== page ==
Despite the advice given by experts, sleeping alone clearly goes against parents' natural desires. Many parents would naturally tend to sleep with their babies if they had never heard any advice to the contrary. In fact, in spite of strict recommendations and the cultural taboo against sleeping with one's children, the practice is actually more common than is generally believed. The famous anthropologist Margaret Mead wrote: "The fact that co-family sleeping occurs regularly in many human groups as it does among ours even though the social code is opposed to this practice, is highly significant, and points to a stubborn human characteristic." Mothers sleep with their infants in all traditional tribal cultures. Countries in which co-family sleeping arrangements have continued in spite of industrialization include Japan, Java, Haiti, and parts of India (and there has been a recent revival of this practice in North America). One of the assumptions of this book is that babies can be trusted to know what they need for optimal physical and emotional development. Babies' wants and needs are one and the same thing. If a baby indicates a desire to sleep in her parents' bed (as most babies do at some point), then she needs to sleep in their bed. She needs the closeness and reassurance of having her parents nearby. Anna Freud confirms this: " it is a primitive need of the child to have close and warm contact with another person's body while falling asleep The infant's biological need for the caretaking adult's constant presence is disregarded in our Western culture, and children are exposed to long hours of solitude owing to the misconception that it is healthy for the young to sleep . alone."

Baby - The Survivor

The strong need and desire of human babies to sleep near their parents may have its basis in the evolutionary history of our species. As mentioned in Chapter 1 of The Aware Baby, humans are very helpless at birth. During the hunter-gatherer stage of our species' existence they would have been extremely vulnerable to predators, especially at night. Infants who had a great fear of the dark and who refused to sleep alone had a much better chance of surviving than those infants who did not complain. There was strong selective pressure in favor of such fears. Although predators are no longer a threat, babies do not know that. All of their reflexes, instincts, and needs are still geared to the hunter-gatherer way of life. Cultural changes have occurred much too rapidly to have any major impact on the genetic makeup of our species since that time. In the animal world, incidentally, it is quite common for the young to be with their mothers at night. This is especially true for mammals, who depend on their mothers not only for protection, but for warmth and nourishment as well. Monkeys and apes remain in continual contact with their mothers' bodies for many months after birth.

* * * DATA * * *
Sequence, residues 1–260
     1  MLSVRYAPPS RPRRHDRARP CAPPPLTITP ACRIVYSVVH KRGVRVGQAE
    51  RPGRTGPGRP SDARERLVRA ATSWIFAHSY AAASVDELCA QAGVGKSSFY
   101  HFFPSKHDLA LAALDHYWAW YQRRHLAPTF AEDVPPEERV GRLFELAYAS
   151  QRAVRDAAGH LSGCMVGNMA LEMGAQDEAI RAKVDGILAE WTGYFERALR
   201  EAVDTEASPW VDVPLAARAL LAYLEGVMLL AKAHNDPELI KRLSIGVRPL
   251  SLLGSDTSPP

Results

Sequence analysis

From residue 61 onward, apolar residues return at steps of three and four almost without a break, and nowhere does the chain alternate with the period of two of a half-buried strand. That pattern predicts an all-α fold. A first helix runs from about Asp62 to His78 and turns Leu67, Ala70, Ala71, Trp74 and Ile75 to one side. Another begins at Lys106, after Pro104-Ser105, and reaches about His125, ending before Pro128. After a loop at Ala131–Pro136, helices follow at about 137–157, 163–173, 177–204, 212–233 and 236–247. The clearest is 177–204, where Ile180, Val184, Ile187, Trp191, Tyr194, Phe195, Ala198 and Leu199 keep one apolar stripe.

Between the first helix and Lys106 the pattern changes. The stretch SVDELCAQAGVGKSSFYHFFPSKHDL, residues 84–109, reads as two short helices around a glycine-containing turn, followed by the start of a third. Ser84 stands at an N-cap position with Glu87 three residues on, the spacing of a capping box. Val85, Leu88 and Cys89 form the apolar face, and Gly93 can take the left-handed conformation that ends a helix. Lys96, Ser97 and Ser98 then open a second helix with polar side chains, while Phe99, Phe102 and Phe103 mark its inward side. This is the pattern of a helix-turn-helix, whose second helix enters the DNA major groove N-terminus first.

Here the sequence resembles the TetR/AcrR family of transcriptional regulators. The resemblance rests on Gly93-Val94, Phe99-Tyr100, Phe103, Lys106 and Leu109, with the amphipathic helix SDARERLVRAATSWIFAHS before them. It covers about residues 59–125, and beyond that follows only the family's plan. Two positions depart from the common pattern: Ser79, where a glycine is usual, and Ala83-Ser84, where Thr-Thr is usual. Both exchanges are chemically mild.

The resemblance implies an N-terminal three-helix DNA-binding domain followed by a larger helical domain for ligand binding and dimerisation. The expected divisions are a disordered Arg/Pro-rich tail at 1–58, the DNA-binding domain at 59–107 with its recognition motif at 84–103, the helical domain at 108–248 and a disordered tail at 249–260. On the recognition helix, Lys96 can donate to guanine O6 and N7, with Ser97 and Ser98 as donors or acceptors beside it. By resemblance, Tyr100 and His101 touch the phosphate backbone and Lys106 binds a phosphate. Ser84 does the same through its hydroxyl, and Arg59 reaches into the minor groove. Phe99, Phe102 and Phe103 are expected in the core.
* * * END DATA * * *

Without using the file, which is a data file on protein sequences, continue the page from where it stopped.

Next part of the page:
Copyright 1994 by Aletha Solter

This is excerpted from Chapter 2 of Aletha Solter's book, The Aware Baby (Shining Star Press, P.O. Box 206, Goleta, CA 93116)

About the Author: Aletha Solter, Ph.D. is an internationally known developmental psychologist, consultant, founder of the Aware Parenting Institute , and author of The Aware Baby, Helping Young Children Flourish, and Tears and Tantrums (Shining Star Press, P.O. Box 206, Goleta, CA 93116).